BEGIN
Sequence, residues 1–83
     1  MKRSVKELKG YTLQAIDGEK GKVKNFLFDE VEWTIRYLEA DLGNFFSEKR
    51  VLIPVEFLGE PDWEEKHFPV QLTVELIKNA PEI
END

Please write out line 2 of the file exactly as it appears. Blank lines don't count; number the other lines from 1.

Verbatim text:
     1  MKRSVKELKG YTLQAIDGEK GKVKNFLFDE VEWTIRYLEA DLGNFFSEKR